Hot-hand 'Man' arrives in town Boys basketball: Tiny Colonel Richardson's Albert Mouring, who scored 62 in a game earlier this season, shoots for respect at the Charm City Classic today.

February 01, 1997|By Brant James | Brant James,CONTRIBUTING WRITER

Albert Mouring dreamed the same dreams of all the kids who decided one afternoon they wanted to be basketball stars. He shot the same shots, practiced the same moves, and won millions of imaginary games at the buzzer.

But dreams of this high school senior, who's been called "The Man" since middle school, sprung not from hardscrabble inner-city courts that so often mold those dreams into reality. His dreams started on a backyard dirt court and a tiny playground miles from the last square of city sidewalk.

Basketball is still the city game, but the 6-foot-3, 175-pound guard from Colonel Richardson High School on the Eastern Shore has proved that talent does not always disembark with the last bus.

For against the backdrop of southern Caroline County's rolling farmland, in a quarter-mile-long hamlet named Jonestown, he has made himself one of the nation's top college recruits -- and landed a full scholarship at the University of Connecticut this fall. He's also proved that more than decoys and tomatoes come from "The Shore."

Mouring will attempt to further illustrate his point when his Colonels face Newport Prep in the Charm City Classic at 5: 15 p.m. today.

"They don't give us respect [on the Western Shore]," Mouring said. "I had to earn my respect -- I had to do that with my game. And I'm still trying to prove it. It puts good pressure on me -- makes me ready to play even harder."

Mouring has posted ever-improving statistics in relative obscurity for 3 1/2 seasons.

He averaged 16.7 points as a pensive, too-quick-to-pass freshman, but in addition to his long-range shooting skills, established his trademark free throw proficiency (he's a career 84 percent shooter) by hitting 69 of 80 attempts (86 percent). Going into tonight's game, he's hit his last 20.

As a sophomore, Mouring began to complement his deep scoring abilities with a slashing inside game, and he averaged 24.7 points a game. As a junior, the average climbed to 32 points, and he shot 54.7 percent from the field.

This season, he is scoring 38.3 points a game on 57 percent shooting from the field (43 percent from three-point range, and 64.6 percent on two-pointers).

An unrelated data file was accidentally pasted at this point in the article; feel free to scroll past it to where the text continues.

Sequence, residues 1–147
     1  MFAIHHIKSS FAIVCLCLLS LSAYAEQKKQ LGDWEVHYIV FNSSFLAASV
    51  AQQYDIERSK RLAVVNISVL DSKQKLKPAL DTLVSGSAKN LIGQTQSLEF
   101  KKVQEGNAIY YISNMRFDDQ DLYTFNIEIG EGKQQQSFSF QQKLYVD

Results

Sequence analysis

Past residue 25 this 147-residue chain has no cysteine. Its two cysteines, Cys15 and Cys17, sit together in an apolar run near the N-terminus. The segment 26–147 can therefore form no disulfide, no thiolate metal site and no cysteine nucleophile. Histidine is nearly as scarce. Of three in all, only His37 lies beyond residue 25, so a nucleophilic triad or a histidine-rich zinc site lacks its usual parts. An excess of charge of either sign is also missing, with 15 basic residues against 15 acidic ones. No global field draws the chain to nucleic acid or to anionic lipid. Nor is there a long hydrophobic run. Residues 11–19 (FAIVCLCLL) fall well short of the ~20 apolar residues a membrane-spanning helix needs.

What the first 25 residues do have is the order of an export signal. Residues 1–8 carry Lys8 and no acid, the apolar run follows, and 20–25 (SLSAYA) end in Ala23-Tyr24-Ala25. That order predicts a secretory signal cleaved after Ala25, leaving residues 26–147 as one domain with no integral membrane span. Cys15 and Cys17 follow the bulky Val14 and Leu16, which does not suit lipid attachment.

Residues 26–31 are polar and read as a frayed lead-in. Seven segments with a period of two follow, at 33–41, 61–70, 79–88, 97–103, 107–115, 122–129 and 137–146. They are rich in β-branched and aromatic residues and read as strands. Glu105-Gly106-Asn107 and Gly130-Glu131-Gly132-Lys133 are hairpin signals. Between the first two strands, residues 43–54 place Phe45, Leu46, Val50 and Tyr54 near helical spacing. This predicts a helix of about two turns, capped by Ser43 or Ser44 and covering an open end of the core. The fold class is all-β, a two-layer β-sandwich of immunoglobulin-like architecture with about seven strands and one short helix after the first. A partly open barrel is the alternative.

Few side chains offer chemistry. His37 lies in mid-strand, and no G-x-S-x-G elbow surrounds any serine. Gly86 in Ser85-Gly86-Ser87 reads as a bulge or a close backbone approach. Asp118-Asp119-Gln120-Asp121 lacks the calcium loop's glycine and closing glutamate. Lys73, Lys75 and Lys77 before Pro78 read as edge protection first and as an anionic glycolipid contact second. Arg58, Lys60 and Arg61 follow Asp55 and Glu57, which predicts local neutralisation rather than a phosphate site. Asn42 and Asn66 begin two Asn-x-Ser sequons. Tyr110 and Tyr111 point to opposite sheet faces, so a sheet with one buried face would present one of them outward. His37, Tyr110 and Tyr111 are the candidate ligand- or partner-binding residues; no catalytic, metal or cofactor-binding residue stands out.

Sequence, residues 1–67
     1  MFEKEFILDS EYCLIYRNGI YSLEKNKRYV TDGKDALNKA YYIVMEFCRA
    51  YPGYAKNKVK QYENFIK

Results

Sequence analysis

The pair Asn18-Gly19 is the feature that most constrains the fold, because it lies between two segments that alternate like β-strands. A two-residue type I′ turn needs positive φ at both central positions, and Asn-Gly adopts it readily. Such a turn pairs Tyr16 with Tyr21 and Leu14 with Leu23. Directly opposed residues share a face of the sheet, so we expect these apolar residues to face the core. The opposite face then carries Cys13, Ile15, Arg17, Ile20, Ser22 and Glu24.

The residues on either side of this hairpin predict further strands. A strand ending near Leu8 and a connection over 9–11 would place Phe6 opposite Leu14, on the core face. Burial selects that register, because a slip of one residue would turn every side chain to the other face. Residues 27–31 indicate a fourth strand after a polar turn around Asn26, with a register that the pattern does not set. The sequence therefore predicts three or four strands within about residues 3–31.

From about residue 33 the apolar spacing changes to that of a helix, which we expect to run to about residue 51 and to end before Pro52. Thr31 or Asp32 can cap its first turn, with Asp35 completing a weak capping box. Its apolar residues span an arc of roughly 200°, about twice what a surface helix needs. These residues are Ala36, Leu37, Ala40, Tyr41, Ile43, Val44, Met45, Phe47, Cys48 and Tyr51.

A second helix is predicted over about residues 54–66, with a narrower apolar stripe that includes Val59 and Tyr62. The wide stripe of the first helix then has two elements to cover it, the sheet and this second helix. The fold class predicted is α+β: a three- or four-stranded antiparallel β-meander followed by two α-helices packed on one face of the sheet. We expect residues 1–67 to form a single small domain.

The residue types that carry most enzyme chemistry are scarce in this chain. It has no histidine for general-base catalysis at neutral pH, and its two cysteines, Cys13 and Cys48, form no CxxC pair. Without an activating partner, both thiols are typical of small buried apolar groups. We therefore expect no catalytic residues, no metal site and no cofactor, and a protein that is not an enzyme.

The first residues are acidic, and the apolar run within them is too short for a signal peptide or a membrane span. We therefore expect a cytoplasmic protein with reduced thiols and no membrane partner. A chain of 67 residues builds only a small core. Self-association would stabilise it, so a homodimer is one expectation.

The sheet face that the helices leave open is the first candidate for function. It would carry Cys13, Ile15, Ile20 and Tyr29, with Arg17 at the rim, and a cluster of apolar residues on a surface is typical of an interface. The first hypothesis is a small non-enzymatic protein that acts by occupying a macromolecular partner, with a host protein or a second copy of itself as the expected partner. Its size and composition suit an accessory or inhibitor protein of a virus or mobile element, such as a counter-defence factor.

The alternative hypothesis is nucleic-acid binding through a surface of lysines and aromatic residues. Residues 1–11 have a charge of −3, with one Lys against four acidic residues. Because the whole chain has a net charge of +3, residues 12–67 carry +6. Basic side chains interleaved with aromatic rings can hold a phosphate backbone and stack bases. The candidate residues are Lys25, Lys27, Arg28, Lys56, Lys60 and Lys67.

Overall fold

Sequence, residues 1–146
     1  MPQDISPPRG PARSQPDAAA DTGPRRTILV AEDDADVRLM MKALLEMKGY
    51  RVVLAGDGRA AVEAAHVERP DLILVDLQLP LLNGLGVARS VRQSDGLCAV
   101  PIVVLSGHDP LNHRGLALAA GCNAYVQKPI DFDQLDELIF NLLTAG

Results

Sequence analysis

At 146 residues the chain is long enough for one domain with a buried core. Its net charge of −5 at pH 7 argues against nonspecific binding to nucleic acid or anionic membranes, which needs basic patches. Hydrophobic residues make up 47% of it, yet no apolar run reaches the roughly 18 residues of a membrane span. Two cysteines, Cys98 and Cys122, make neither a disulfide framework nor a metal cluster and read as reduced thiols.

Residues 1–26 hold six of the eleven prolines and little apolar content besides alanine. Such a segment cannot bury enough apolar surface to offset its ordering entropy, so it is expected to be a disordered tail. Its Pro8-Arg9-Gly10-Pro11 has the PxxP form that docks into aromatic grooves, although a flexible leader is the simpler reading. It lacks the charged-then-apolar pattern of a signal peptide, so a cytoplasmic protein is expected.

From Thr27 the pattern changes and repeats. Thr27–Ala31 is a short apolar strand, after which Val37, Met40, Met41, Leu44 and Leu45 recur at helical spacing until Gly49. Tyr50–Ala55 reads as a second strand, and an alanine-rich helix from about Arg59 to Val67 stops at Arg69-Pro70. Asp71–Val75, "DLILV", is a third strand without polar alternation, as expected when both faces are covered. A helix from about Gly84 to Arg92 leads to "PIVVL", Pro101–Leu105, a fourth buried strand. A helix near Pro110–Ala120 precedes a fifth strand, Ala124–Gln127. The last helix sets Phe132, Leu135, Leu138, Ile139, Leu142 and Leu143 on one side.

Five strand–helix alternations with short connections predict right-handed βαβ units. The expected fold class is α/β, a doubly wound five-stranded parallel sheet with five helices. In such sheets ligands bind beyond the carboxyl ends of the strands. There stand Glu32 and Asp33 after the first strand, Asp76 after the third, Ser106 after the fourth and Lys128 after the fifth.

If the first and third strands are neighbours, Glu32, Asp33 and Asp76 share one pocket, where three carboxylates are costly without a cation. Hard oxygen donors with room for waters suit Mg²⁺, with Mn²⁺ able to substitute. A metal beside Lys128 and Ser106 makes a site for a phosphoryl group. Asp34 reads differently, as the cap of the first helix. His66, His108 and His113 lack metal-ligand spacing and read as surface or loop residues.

Mouring has scored 40 or more points against five teams this season (and never less than 26), including a 62-point effort in a 99-77 win over Queen Anne's Jan. 7.

In that headline-grabbing effort, he hit 11 of 14 three-pointers, 11 of 16 two-point tries and seven of 10 foul shots in 31 minutes against the Lions. The 62 points likely either set or approached a state single-game record, although no official records are kept for regular-season games.

'He's not forcing shots'

"People look at this and think he must be selfish," said Merrill Morgan, Colonel Richardson's coach for 30 years. "But he's not. Some good players never have a shooting percentage like his. He's not forcing up shots."

Morgan met Mouring as a sixth-grader after watching him play in a recreation center game the boy's elementary school principal invited him to attend. He knew that in a couple years, something special was coming his way.

"You could tell then he had all the skills," Morgan said. "He was doing things the other kids couldn't, things some older kids couldn't."

Local lore at the time said Mouring already was beating players twice his age -- men in their 20s -- on the playgrounds, and he

was often seen honing his ball-handling skills by dribbling up and down the stretch of Route 16 near Preston that defines Jonestown.

"We were on the bus going to play Easton one day -- I guess Albert was in the seventh grade," Morgan recalled, "and when we drove through Jonestown [assistant coach] Tom Coursey said, 'There's The Man.' Albert was out in the backyard shooting foul shots in the snow. That's the dedication that made him what he is."

Mouring's life at home has not changed much, even since people around school began calling him "superstar." His mother, Shanelle, and father, Albert, see that he and his younger brother Gerren, 14, remain on an even keel.

"One time I was around the house thinking I was all that [stuff]," Mouring remembered with a smile. "She put me in my place. She said I was still just like anybody else."

Mouring's mother said she just wants her son to realize what he has, adding: "I just didn't want him to get a big head. I told him he was blessed, and God gave him what he has."

Much of Mouring's production has been attributed in city circles to weak competition, a statement he and Morgan have had to combat. For example, William Wells, coach for Baltimore powerhouse St. Frances, said: "The kid has all the tools. He can shoot. He can go to the basket. The question is whether he could do it against the city kids."

Colonel Richardson faces mostly Class 1A schools -- the state's smallest -- during its regular season, but plays in an East Region that has been regarded as one of the state's best for the past three years. Five of the top eight teams in the current Class 1A poll (including Richardson at No. 5) are from the East.

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